The administrators do have reasons for why juniors don’t get privilege until last quarter this year. “I know [the juniors] are bummed out about it but there is definitely a real reason behind it. Not just ‘let’s be mean to juniors.’” Milliken went on to say, “with that many kids trying to go out, it just made it easier for kids to sneak out, and now it’s much more manageable.”

Many students, however, claim they very rarely saw other students sneaking out or taking advantage of the privilege in place last year. Waverly Oake-Libow (‘23), a senior at the high school, said how last year “there were no incidents that happened and there weren’t a lot of absences, I don’t think.”

Muessig explained how she also almost never saw anyone abusing the system. “There were a lot of people that used it well and also didn’t do anything bad during the [off campus] time.”

Noe thinks that the privilege worked in that it got students out of the school, but she did often see students taking advantage of it. “Did it do the social distancing that we needed? Yes. The problem was whether students would come back or not.”

The one thing everyone does agree on is that privilege should be able to be revoked. Cavicchi thinks that “unless really proven otherwise, [juniors and seniors] should be able to start with it, and then I think it would definitely be fair if some kids needed that privilege revoked if they’re obviously abusing it in any way.”

Oake-Libow gives some examples of what taking advantage of privilege could look like. “I think if a student is consistently absent or is causing harm on campus then yeah, it should be taken away.”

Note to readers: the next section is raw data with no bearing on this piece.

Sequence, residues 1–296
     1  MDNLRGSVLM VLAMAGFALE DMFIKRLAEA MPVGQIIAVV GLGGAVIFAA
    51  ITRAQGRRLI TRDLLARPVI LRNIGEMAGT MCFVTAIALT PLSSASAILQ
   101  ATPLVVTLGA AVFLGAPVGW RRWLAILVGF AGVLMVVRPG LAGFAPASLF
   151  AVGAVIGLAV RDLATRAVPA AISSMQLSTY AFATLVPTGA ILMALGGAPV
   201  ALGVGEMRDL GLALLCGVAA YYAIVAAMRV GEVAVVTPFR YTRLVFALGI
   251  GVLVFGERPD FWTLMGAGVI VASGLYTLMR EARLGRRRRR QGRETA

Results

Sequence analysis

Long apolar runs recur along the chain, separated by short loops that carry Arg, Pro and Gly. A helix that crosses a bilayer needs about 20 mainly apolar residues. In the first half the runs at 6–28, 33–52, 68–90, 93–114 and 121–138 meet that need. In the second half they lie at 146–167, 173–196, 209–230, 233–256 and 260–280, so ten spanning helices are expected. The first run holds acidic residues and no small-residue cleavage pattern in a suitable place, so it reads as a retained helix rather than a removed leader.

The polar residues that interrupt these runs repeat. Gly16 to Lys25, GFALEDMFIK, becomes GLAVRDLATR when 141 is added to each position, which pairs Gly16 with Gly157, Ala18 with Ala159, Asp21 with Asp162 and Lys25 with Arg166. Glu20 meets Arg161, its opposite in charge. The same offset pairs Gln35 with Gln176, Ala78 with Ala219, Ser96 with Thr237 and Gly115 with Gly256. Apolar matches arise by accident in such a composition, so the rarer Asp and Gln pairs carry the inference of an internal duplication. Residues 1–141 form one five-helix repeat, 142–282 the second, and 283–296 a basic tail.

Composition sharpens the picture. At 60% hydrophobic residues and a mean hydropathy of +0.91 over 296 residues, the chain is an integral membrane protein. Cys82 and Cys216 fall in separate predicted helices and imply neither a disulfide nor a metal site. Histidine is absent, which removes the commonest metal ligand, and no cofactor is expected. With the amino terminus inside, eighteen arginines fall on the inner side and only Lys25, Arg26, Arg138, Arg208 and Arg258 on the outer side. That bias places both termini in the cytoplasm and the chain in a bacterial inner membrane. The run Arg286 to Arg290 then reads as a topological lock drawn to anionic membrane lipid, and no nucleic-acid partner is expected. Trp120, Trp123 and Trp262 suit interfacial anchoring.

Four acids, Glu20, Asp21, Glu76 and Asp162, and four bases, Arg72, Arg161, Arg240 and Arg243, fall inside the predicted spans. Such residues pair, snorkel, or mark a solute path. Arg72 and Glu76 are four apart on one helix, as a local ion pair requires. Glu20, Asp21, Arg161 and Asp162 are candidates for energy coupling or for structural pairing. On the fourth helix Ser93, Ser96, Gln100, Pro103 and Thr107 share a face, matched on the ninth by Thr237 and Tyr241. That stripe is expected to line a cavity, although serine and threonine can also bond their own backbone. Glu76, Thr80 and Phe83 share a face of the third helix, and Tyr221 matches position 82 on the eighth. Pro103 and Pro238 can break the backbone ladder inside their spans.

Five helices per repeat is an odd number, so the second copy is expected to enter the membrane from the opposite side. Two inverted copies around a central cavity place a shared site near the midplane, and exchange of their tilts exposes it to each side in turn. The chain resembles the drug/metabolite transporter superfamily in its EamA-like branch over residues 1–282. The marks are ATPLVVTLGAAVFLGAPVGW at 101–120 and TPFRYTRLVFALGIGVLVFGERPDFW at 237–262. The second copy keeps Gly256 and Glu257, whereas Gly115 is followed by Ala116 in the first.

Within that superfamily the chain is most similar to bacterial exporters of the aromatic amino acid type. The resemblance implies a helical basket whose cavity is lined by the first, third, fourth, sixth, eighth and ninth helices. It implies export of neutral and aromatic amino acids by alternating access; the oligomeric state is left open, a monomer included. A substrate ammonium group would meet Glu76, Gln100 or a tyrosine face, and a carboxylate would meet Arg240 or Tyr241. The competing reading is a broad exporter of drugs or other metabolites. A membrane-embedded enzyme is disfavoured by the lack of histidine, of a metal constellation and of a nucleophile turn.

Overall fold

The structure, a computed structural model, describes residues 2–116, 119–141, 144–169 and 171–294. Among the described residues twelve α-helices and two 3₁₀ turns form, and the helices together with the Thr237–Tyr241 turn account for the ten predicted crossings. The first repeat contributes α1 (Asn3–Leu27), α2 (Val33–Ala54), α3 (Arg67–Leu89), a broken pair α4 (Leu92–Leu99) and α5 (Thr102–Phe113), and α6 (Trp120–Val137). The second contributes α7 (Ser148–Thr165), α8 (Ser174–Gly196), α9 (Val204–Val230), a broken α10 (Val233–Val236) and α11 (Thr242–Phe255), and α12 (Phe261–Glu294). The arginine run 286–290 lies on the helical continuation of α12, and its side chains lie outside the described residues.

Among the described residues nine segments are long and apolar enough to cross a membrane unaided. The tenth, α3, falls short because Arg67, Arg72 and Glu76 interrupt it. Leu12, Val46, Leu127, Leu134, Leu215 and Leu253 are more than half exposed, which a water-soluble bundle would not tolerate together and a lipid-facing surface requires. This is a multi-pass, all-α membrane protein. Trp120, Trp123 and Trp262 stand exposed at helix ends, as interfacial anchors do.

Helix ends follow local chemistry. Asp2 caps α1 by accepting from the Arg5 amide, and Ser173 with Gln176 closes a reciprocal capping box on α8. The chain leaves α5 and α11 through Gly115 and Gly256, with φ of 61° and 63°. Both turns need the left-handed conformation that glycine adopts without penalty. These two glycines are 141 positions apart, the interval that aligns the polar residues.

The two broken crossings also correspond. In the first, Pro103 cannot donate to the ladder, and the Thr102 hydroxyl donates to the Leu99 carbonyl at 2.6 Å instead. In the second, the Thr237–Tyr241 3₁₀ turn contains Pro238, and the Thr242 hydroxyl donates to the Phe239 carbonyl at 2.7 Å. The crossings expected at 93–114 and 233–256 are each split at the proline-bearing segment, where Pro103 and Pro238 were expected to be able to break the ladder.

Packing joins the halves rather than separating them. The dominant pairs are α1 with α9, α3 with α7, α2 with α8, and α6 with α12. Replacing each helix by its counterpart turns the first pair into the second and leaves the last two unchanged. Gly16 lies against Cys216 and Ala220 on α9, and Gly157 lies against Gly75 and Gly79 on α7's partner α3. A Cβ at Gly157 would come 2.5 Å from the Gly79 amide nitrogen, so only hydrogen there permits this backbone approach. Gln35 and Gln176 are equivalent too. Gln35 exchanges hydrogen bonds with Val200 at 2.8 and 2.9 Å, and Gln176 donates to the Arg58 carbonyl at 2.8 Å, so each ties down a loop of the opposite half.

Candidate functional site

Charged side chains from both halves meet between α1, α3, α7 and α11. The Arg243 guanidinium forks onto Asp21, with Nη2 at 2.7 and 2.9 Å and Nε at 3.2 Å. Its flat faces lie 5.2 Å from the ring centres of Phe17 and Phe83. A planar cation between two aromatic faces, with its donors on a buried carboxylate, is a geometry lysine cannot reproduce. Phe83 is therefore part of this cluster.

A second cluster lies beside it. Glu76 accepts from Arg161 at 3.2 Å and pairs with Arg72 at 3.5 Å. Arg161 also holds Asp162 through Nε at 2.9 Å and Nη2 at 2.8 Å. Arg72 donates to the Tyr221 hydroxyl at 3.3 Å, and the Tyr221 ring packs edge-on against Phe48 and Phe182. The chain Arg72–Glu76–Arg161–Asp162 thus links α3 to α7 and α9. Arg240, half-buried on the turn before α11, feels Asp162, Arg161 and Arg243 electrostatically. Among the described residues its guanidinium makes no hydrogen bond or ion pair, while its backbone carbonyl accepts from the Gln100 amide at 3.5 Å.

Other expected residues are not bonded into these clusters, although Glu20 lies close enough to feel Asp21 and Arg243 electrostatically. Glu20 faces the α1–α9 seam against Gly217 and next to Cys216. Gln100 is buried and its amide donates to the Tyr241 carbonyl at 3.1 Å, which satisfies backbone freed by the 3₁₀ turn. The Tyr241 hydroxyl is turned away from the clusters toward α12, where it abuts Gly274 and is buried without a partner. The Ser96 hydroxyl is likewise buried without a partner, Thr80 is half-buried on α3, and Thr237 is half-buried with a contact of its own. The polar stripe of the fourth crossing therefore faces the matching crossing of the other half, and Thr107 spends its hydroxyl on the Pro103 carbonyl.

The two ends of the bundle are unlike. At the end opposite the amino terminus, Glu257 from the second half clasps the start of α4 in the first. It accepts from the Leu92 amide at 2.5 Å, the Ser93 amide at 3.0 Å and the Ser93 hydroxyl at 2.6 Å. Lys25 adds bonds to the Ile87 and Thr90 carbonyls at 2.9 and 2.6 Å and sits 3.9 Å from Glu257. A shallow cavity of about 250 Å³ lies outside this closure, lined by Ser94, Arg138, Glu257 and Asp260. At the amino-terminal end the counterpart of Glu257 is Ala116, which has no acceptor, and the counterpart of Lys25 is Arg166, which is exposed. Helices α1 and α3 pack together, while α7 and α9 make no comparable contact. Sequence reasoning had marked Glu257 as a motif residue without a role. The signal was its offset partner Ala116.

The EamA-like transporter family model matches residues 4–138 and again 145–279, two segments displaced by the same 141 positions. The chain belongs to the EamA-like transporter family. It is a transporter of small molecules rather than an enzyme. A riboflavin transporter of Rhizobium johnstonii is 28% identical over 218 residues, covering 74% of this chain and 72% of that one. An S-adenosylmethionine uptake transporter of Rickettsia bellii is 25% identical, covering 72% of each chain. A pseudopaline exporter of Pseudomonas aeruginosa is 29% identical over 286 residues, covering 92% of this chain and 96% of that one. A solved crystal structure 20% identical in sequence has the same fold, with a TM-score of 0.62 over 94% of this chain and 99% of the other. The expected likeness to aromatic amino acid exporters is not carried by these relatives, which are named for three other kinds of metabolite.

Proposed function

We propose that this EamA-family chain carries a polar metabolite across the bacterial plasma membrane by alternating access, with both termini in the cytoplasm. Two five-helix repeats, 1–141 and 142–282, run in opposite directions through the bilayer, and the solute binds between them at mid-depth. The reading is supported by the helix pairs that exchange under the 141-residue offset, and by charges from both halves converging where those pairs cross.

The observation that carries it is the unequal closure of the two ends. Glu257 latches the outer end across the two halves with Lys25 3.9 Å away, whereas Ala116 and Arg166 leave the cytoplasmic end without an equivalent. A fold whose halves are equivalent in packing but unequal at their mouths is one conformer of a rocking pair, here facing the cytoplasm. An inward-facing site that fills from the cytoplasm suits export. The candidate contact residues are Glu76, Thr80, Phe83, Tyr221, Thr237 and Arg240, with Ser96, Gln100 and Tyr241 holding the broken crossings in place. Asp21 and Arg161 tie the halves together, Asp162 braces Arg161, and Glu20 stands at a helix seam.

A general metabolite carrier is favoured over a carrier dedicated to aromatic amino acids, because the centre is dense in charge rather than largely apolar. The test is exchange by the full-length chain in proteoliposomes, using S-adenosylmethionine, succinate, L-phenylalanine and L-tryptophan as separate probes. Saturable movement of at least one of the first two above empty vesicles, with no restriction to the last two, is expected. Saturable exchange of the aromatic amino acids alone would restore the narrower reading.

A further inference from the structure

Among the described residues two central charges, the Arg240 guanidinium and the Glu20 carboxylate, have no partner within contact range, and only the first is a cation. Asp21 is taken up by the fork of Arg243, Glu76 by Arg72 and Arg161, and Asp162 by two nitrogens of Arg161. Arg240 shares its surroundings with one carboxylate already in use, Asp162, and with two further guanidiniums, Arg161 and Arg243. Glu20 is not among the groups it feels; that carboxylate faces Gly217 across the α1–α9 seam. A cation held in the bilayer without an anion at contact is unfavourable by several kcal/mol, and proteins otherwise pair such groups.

Many students also believe that it would be beneficial to allow privilege to apply to flexes. Cavicchi explains how “if you don’t need help [in any classes], then I don’t see why you have to be somewhere [at school] and just waste your time.”

Oake-Libow also heavily supports the idea of allowing juniors and senior to leave during Flex time. “If you have nowhere to be scheduled for flex, I think that you should be able to leave.”

Noe explains how “the reason we have Flex is because we heard from teachers and students, they needed more time during the day to meet with teachers.” She thinks if students aren’t using Flex to get work done, then there’s no point for flex and she would get rid of it.

Most students within the school believe that both juniors and seniors should have full year privilege, and many administrators have reasons for why they shouldn’t, but will the system actually change in the coming years? Milliken isn’t sure whether it can change or not but does state “I’m always open to listening to students and student input.”

Muessig believes that if juniors got privilege, it would benefit their lives in the future and the success of the school. “As somebody who’s been through Oyster River, one of my favorite things about the school was how much freedom and opportunity we had to try different things that we wanted, and to go out and have that trust, and that trust allowed me to almost be more like an adult and have the freedom that adults do, but also handle some of the responsibilities and I feel like standardizing it and taking it away without any right or reason takes away that part of Oyster River.”

– Micah Bessette